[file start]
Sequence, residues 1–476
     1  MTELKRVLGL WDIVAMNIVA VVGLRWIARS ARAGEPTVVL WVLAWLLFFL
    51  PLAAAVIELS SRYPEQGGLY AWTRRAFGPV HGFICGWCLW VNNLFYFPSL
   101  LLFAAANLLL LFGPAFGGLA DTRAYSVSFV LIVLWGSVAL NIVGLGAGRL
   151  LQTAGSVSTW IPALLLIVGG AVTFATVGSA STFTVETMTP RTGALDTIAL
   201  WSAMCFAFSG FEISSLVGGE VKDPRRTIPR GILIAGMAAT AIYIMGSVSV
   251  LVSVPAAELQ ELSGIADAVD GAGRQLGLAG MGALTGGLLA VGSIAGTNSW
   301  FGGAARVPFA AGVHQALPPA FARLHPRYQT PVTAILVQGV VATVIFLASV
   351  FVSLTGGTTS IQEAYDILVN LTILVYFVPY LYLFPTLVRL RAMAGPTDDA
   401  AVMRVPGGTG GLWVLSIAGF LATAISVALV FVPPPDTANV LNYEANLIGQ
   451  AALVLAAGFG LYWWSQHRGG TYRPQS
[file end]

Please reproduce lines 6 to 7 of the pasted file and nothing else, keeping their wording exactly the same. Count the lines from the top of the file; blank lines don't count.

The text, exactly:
   201  WSAMCFAFSG FEISSLVGGE VKDPRRTIPR GILIAGMAAT AIYIMGSVSV
   251  LVSVPAAELQ ELSGIADAVD GAGRQLGLAG MGALTGGLLA VGSIAGTNSW